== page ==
In additional to celebrating our award-winning poets each year through publication of their long poem, the editors at Fourteen Hills like to explore the craft elements at play within these pieces. This interview was conducted by our Poetry Editors. Read Nnadi Samuel's award-winning poem A Boneyard of Flesh// Post-War Trauma.
Q. What was the process like writing this poem? How long did it take to complete? Is this part of a larger work?
A. I started this poem like every other one, with a concept in mind. Yet, clueless as to where it was headed. I have always wanted to write a poem that boldly reflects the past & present trauma/life consequence of civil war in my country. This poem fills that vacuum. I am quite slow with my writing, so it took about six days to finish up this poem. The piece is a part of my full-length unpublished manuscript titled NATURE KNOW A LITTLE ABOUT SLAVE TRADE.
Q. Who inspires you the most for your writing? How have they inspired you?
A. Being an ardent reader of poetry, my writing is spurred by a whole lot of young poets. However, I am greatly inspired by the visceral use of words in K-Ming Chang's poems. Some of her works, I must say, have helped shape my early approach to language - that replicates a vivid, haunting imagery. I am also inspired by the literary doggedness of Despy Boutris. The way she pushes boundary to see her work live through various renowned platforms. It has always been a thing of joy for me, to see a writer defy all odds to get into the most difficult of places, at such dizzying pace. And, I love it for her & her brilliant works. I have recently been reading Sarah Fathimah Mohammed also & she is nothing short of amazing.
Q. In the line, “what language meets a bomb halfway between beauty and boom?” Does experimental poetry help us find the language to communicate trauma?
A. Thank you for the highlight. That was one of my favorite moments writing this piece. Yes, experimental poetry helps us discover more language to communicate our trauma fluently. I have always seen metaphor to be accidental, with boundless possibilities. It is where everything happens—both miracle & healing.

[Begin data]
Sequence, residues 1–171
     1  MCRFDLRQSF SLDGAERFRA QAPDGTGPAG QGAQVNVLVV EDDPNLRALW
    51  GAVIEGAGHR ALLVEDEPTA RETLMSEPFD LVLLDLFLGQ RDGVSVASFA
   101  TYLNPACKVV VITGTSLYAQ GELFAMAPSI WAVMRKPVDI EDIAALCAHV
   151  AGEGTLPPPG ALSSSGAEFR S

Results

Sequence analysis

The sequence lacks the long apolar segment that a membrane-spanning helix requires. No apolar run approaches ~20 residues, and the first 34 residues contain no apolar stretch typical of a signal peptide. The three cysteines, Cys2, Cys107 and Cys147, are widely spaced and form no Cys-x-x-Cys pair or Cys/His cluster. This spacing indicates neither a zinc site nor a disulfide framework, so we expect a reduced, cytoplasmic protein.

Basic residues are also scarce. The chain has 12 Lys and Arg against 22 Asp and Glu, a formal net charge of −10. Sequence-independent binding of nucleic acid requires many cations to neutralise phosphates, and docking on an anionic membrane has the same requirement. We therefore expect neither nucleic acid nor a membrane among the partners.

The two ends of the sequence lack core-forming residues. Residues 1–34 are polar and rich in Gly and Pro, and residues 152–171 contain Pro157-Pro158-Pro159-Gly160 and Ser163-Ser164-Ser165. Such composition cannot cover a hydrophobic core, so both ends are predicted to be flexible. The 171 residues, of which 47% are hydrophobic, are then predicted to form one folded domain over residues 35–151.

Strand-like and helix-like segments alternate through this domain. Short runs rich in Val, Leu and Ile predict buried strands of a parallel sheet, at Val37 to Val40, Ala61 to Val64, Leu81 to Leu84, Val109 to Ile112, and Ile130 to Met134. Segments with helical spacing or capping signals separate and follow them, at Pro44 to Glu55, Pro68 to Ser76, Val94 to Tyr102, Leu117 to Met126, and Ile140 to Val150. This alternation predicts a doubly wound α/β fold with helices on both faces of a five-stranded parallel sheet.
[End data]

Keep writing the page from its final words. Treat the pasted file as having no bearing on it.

Q. There is the trauma of language that controls the narrative and there is the trauma of life that is present in this poem. Did you initially think about intertwining these two elements or did those reveal themselves after writing the piece?
A. I started this poem with the intent to reflect life's trauma, as it affects my people(past or present) & her immediate surrounding. As with each account of a traumatic event, the language's environment is greatly influenced by the dominant theme of grief, which blends into one true narrative. In light of this, I would say the intertwining of both elements was envisaged, & further revealed itself as the poem unfold.
Q. Does silence take a role in this poem? How do you challenge silence when there are no words?
A. Silence take up spaces in this poem, as the rinsed hands of our ancestors—leaving us to our woe, as the emptiness of a fetus burdening our womb. Descendants, who ought to keep fanning the embers of this one true narrative.
Here, we lose our tongues to silence & the retort from a gun's mouth. We confront silence with our survival, showing up when there are no words left.
Q. We're curious about how English is being decolonized by outside cultures that adopt and redefine it. It feels as though your language in this piece, through exploring trauma, is reappropriating and redefining the way we understand English. Can you talk about that?
A. Yes, some of the language/diction in this poem & other pieces that forms the larger body of my full-length manuscript titled NATURE KNOWS A LITTLE ABOUT SLAVE TRADE, is an intentional stray away from the laws that guides the English language. This abnormal deviation leads to a flout in the rule of English, which brings about new meaning/direction to words, and a true sense of belonging. It decolonizes English to form a language where hurt is comfortable and the trauma & grief is better expressed.
Q. You use craft devices such as alliteration and assonance to great effect in this piece. Can you talk about the sonic quality of your work? How important is the rhythmic and percussive aspect of the work in regard to telling the story and conveying meaning to the reader?
A. I have always been a sucker for sound conveyed through literary devices & how the phonological aspects meets the need for semantics(meaning) in my poems. So, I tend to mouth each line of my poem, to make sure they come clean with meaning & rhythm. This process for me, is as important as telling the story itself.
Q. Where can readers find more of your poetry? Are there other new publications of your work we should be looking out for?
A. My works can always be found online & my social media page. On Twitter, I am @Samuelsamba10. I have some forthcoming works which I'd definitely be sharing there as always. Thank you!